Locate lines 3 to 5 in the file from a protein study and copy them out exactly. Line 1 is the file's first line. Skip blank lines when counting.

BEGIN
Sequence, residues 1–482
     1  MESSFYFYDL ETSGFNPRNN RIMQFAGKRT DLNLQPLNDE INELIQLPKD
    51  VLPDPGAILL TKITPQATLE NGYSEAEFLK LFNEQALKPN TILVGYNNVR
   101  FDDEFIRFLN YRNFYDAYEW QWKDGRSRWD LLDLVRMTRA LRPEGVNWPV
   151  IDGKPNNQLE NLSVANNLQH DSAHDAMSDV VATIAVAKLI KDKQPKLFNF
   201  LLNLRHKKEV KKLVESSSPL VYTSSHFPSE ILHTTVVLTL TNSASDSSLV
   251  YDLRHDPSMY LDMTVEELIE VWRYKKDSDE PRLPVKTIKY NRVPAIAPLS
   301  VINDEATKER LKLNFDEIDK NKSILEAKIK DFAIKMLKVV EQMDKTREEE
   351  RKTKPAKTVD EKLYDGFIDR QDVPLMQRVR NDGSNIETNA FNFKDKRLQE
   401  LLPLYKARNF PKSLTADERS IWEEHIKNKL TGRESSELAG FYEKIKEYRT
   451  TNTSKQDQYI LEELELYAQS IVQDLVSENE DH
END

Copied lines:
    51  VLPDPGAILL TKITPQATLE NGYSEAEFLK LFNEQALKPN TILVGYNNVR
   101  FDDEFIRFLN YRNFYDAYEW QWKDGRSRWD LLDLVRMTRA LRPEGVNWPV
   151  IDGKPNNQLE NLSVANNLQH DSAHDAMSDV VATIAVAKLI KDKQPKLFNF